DramaNorth East & YorkshireReview

Macbeth – Leeds Playhouse

Reviewer: Jay Nuttall

Writer: William Shakespeare

Director: Amy Leach

Bloody, bold and resolute – Amy Leach’s production of Macbeth at Leeds Playhouse is all about dropping the drawbridge. Staged on the vast expanse of The Quarry theatre’s stage, fog constantly swirls like a desolate moorland as Shakespeare’s Scottish drama of murder, power and the supernatural is hammered out.

The main drive of Amy Leach’s tenure as Associate Director of Leeds Playhouse has focussed, rightly, on the inclusivity and accessibility of theatre for all. Her productions have been noted for integrating d/Deaf disabled actors, BSL and audio description into the theatre experience – as opposed to them being an ‘add on’, bolted onto a production designed for a non-disabled audience. Her collaborations with theatre companies such as Ramps on the Moon have raised questions about why her work is more of an exception rather than the norm in mainstream theatre. This vision is continued in her straight telling of Shakespeare’s gory tragedy.

You could be forgiven for misinterpreting the opening montage of Leach’s production for a movie trailer or something lifted from Game of Thrones as the witches babble their portents and the major characters of the story are introduced. For the hordes of GCSE students this is possibly a familiar and welcome addition to ground them into the action from the outset and break down any initial barriers about understanding Shakespeare. Leach has cast northern actors with the flat vowels of Yorkshire and Lancashire unapologetically shaping Shakespeare’s language – akin to the work of Northern Broadsides. Tachia Newall and Jessica Baglow play the murderous couple intent on vaulting to higher status with impressive performances. Interestingly, Leach begins the play with the couple agonising the loss of their baby. Baglow’s performance throughout, therefore, is peppered with grief, pregnancy and miscarriage with the blood on her hands being more than that of just King Duncan’s.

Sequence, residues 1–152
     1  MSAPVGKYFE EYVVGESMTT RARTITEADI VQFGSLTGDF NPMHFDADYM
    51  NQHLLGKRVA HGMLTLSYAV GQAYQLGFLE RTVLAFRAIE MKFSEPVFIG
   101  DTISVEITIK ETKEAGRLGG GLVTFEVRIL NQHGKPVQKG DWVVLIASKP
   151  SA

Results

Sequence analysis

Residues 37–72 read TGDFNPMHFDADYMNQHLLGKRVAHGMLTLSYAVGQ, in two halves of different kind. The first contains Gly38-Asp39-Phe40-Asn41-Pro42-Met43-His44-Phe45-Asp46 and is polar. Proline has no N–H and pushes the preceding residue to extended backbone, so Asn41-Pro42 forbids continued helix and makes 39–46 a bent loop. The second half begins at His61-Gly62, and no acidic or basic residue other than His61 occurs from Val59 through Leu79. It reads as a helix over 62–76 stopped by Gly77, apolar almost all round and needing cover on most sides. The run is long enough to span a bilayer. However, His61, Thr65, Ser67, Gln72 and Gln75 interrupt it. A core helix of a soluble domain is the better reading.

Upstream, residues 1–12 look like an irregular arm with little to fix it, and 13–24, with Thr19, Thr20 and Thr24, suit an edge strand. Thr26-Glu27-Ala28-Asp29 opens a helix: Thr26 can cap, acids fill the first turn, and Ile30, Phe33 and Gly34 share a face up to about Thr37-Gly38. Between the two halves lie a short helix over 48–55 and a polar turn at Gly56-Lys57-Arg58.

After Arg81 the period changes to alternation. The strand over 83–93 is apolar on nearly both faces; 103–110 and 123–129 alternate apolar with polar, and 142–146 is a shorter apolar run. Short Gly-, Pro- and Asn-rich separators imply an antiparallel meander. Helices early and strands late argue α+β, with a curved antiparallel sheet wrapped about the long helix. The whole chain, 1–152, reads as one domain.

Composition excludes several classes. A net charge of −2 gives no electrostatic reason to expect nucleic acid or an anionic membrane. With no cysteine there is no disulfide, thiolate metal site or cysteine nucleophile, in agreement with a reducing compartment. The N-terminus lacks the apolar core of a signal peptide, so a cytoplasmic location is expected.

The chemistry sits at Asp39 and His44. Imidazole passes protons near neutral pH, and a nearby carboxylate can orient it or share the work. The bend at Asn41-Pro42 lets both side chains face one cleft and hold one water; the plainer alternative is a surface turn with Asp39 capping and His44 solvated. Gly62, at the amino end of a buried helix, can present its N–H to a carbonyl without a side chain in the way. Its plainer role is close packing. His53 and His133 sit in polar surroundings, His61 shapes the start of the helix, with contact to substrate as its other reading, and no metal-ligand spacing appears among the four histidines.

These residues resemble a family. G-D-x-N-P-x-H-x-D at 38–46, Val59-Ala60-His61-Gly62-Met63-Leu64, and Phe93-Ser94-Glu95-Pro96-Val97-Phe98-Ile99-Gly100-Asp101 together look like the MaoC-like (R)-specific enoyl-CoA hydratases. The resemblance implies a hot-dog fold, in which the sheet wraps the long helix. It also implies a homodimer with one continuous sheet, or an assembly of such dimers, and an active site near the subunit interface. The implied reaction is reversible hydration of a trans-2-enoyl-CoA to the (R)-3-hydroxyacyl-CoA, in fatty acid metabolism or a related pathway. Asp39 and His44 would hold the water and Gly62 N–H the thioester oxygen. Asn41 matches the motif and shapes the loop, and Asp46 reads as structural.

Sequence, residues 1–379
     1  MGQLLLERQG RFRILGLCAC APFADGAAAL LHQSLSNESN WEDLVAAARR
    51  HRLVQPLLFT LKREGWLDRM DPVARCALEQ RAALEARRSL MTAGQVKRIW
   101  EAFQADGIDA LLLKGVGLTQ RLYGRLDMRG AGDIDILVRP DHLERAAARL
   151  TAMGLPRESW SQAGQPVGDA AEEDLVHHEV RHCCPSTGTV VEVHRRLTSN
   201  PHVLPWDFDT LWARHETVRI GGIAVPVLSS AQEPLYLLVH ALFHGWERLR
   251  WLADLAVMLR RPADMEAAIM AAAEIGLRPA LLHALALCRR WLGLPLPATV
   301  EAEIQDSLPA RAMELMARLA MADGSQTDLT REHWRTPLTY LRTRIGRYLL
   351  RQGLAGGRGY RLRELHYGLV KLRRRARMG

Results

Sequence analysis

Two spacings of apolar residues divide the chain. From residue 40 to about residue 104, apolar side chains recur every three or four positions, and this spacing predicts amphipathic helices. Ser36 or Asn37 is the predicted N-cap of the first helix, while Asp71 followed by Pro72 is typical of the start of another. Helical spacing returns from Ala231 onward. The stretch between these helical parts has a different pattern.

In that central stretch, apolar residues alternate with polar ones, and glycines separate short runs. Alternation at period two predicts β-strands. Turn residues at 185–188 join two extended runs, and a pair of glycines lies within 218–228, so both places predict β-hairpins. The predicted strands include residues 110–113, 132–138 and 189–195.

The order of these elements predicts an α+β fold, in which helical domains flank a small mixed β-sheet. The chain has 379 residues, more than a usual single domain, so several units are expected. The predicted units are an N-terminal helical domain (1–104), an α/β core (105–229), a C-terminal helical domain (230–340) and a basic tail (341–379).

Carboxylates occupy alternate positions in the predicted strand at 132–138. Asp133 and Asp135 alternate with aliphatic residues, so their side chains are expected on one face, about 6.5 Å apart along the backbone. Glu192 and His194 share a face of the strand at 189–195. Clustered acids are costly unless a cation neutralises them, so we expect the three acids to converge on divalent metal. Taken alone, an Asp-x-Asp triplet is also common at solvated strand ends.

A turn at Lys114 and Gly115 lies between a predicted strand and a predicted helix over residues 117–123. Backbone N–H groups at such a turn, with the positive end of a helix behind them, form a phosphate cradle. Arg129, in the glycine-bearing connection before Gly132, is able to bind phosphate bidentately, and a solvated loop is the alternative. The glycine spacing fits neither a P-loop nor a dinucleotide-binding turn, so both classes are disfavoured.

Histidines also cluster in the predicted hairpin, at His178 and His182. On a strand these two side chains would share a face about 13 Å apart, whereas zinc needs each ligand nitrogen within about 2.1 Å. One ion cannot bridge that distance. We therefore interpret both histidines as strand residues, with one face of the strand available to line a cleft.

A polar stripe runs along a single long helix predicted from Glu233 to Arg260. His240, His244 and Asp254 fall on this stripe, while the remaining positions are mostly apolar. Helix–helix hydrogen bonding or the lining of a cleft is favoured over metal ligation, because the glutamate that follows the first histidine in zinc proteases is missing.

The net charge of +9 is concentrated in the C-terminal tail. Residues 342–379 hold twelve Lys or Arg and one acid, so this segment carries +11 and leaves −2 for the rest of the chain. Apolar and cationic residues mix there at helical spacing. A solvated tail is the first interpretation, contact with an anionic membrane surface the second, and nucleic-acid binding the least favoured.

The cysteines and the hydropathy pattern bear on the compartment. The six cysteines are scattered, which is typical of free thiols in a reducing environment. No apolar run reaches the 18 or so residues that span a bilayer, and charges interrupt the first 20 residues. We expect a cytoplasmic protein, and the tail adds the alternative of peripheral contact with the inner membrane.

Most noticeable about Hayley Grindle’s design is the enormous wooden drawbridge centre-stage that at times becomes almost a floating platform. It is an effectively simple looking design that allows imagination to fill in the mis-en-scene – especially the banquet scene sans banquet. With scorched black earth, steel trusses and a puddle that doubles as cauldron the design is rugged, wild and barren. Complemented by Chris Davey’s lighting design that employs starkly projected moving lights, it is a cold and inhospitable environment.

Director Amy Leach’s ambition, perhaps, is for the casting of actors with disabilities to not be noteworthy. However, it would do injustice to the ingenuity of the storytelling not to mention the casting of Macduff (Adam Bassett) and Lady Macduff (Charlotte Arrowsmith) as d/Deaf actors. Their words are often translated by other members of the cast, repeated back as questions or simply inferred. The result is an expert lesson in how storytelling and language can find a route through any barriers when placed in safe hands. The interpretation can lead to extra comic effect as The Porter tries to relay the effects of drinking in terrible mime but, on the other hand, flavours the action with extra horror as Lennox (Tom Dawze) must interpret in BSL and report the murder of Macduff’s wife and children. Just occasionally a character’s declaration to interpret rather than actually simply interpreting felt a little awkward.

This is a captivating production – clear and unapologetic in its intentions with its metaphor of an enormous drawbridge. It doesn’t deal excessively with the manipulation and toxicity of the Macbeths but it is a clean and economic version that is exciting to watch.

Runs until 19th March

The Reviews Hub Score


The Reviews Hub - Yorkshire & North East

The Yorkshire & North East team is under the editorship of Jacob Bush. The Reviews Hub was set up in 2007. Our mission is to provide the most in-depth, nationwide arts coverage online.

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